The Justice Department yesterday approved the $41 billion merger of Cingular Wireless LLC and AT&T Wireless Services Inc., requiring the combined company to sell off some assets in 11 states in order to satisfy antitrust concerns.

The Federal Communications Commission approved the deal late last week and is expected to issue its detailed decision as early as today, removing the final regulatory obstacle to the deal.

The combination of Cingular and AT&T Wireless will create a giant with more than 47 million customers in 49 states, surpassing Verizon Wireless as the nation's largest cellular provider.

The company will be a major player in all of the nation's 100 largest cellular markets. But to blunt potential anti-competitive effects of the combination on consumers, the Justice Department and Cingular agreed that the combined company would sell some of AT&T Wireless's airwave licenses and customer contracts in certain smaller markets where the companies are dominant.

These include Litchfield, Conn.; Fulton, Ky.; Oklahoma City and Ponca City, Okla.; and Lufkin and Nacogdoches, Tex.

The merged company, which will have about 70,000 employees, also is being required to sell minority interests in wireless companies in Georgia, Kansas, Louisiana, Massachusetts and Missouri. Additionally, it must sell some of its airwave licenses in Michigan, Tennessee and Texas.

The merger agreement was detailed in U.S. District Court in Washington yesterday. The Justice Department filed a complaint citing concerns that the merger as originally proposed could result in higher prices and slower deployment of new services for consumers. It simultaneously filed its settlement agreement with Cingular and AT&T Wireless, listing the conditions for approval to complete the merger.

"Today's action by the department ensures that consumers of mobile wireless services will continue to benefit from competition," R. Hewitt Pate, assistant attorney general in the antitrust division, said in a statement.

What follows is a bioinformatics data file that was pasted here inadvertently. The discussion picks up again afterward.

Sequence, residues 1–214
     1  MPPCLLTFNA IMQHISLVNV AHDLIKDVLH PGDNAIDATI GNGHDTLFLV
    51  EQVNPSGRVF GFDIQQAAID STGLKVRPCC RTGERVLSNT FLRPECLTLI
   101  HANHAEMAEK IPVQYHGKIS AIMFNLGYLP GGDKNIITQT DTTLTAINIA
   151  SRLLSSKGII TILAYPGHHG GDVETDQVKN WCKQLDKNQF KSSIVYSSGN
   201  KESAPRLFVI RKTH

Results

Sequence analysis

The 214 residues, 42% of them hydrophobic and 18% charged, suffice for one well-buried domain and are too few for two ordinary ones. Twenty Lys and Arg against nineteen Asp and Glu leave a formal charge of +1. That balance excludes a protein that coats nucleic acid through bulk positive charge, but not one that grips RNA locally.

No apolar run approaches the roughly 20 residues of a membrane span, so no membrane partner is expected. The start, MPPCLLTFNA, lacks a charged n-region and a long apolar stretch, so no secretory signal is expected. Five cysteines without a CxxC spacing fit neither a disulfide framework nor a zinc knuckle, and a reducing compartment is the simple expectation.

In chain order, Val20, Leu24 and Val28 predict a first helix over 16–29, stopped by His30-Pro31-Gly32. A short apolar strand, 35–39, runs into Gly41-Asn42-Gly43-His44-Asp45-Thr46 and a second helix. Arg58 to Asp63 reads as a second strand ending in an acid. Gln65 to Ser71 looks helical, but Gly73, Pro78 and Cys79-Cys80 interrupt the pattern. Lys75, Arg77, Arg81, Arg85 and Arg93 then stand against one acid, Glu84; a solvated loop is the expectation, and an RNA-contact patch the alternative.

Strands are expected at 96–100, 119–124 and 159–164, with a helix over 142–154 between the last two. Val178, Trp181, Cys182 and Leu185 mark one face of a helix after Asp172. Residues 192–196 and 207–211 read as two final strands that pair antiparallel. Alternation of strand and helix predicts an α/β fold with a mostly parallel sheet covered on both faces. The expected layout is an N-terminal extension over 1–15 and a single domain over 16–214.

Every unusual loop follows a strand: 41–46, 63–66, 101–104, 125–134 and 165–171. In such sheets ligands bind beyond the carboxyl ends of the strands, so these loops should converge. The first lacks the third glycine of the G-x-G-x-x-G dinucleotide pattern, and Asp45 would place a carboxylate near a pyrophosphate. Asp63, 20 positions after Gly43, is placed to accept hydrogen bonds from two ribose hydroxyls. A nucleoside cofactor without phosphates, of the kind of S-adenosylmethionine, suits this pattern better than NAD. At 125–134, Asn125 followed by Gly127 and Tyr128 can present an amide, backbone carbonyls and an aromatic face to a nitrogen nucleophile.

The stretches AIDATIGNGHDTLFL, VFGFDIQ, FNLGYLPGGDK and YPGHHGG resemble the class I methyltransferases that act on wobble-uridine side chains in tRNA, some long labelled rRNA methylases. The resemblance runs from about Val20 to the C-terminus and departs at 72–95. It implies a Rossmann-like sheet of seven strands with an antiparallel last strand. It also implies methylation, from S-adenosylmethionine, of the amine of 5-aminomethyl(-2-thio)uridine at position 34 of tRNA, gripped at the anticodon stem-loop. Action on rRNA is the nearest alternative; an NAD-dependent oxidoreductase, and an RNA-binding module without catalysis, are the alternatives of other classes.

The FCC is still reviewing its 100-page order, said spokeswoman Lauren Patrich, and is working to release the document as soon as possible. The five FCC commissioners voted unanimously last week to approve the merger, with the two Democratic commissioners dissenting in part.

"This merger will create a premiere provider that is very well-equipped to meet the most demanding needs of wireless customers today and in the future," said Stanley T. Sigman, president and chief executive of Atlanta-based Cingular, which is jointly owned by SBC Communications Inc. and BellSouth Corp., in a statement.

But consumer groups opposed to the deal criticized the Justice Department settlement, saying it is a bad deal for wireless users who will have fewer choices of wireless carriers and face potentially higher prices in the long run.

"They're allowing Cingular to control so much of the spectrum that it could only sustain two or three major players around the country," said Gene Kimmelman, director of Consumers Union in Washington. "But what's of greater concern is that two of the three biggest wireless firms are virtual monopolies in local telephone companies," and that concentrates too much market power, he said. "This is an enormous retreat from past antitrust policies that promoted competition in the wireless market."

Regulators did not require much of Cingular, some analysts said.

"The divestitures seem quite light-handed," said Rebecca Arbogast, an analyst with Legg Mason Wood Walker Inc. The markets Cingular is selling are small, and regulators are allowing it to control a large share of spectrum, she said, which could be encouraging news to other wireless carriers considering merging.

Cingular outbid British wireless conglomerate Vodafone Group PLC for Redmond, Wash.-based AT&T Wireless in February. When the deal closes, shareholders of AT&T Wireless will receive $15 a share.